9. Bellows of camera, Camera obscura

Bellows of camera

Bellows of camera

Greeks already discovered the same rule as present pinhole camera, and painters later used a camera obscura for copying landscapes. In other words, inverted image of outside scene is projected through the hole onto the wall opposite to the hole. The optical phenomenon is also referred to as camera obscura.

The optical phenomenon led to the invention of a tool that focuses the image through a lens in place of the hole onto light-sensitive materials in place of the wall. It was the beginning of the camera. People across the world commonly wish to keep each scene of their lives as fixed images and the camera began to spread all over the world. The work of keeping memories in the record is also used for preserving and utilizing all types of information.

Use of bellows in relation to cameras may be classified as follows according to applications:

  1. Between lens and film where the camera movements and “Scheinpflug condition”* are applied involving bellows for close-up.
  2. In front of the lens. Bellows for attaching filter is involved.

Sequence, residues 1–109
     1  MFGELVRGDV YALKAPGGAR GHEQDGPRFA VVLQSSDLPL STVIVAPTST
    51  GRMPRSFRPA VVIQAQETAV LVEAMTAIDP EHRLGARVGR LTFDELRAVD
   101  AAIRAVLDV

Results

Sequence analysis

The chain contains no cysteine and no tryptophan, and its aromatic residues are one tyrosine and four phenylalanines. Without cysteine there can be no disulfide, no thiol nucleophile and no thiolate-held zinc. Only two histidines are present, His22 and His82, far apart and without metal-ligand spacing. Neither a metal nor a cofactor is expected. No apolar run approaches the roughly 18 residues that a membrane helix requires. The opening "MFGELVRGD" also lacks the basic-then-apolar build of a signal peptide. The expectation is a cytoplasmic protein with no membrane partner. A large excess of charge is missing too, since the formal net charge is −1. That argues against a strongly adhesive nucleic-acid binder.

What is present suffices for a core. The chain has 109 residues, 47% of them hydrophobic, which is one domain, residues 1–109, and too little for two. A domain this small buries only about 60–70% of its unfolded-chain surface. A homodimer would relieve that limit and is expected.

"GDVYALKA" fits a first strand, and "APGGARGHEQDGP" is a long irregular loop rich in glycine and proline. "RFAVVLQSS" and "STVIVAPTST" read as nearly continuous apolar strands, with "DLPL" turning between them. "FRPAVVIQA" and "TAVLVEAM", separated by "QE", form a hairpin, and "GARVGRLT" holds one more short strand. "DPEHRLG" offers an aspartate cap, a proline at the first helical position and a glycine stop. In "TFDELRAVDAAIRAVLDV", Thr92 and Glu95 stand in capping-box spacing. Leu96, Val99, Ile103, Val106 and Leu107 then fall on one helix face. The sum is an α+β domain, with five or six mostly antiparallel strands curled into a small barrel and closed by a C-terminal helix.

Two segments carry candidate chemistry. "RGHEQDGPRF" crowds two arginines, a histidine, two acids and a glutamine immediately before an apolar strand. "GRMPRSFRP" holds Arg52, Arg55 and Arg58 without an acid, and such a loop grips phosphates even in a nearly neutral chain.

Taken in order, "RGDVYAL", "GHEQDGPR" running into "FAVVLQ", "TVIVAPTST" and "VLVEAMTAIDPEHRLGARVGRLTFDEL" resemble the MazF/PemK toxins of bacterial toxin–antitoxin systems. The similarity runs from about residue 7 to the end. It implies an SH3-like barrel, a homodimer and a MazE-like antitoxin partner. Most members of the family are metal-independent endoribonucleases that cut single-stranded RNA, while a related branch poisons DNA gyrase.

3. In front of focusing screen in the form of light-shield screen and also protective cover for the screen.

*Rules of camera movements or “Scheinpflug condition” that T. Scheinpflug (Austrian) discovered:
Rule covering the setting of technical camera with swing and tilt movements to photograph subject disposed primarily in a plane inclined to the camera axis. The rule states that if the subject plane, lens plane and the image plane are so inclined relative to each other that they intersect along a common line, the image is evenly sharp over its whole area. A more precise version of the “Scheinpflug condition” takes the distance between the front and rear nodal planes of the lens into account. The condition also applies to distortion correction in enlarging.

Movements of the camera or rather the bellows are shift, rise, fall, tilt and swing.

When a bellows is used for the camera, perfectly light-tight material and mat lining to prevent halation are needed. In old days outer layer of sheep skin sometimes called “Yang Pee” in Chinese, cloth lining and creased padding sandwiched between the outer layer and the lining are used to form a three-layer bellows. Being light-tight is a necessity in bellows in addition to expansion and contraction and folding up characteristics.

Photographers in general pursue the beauty, and a bellows, a bulky part of the camera had better look as nice as possible. Cosmetics are not negligible in bellows.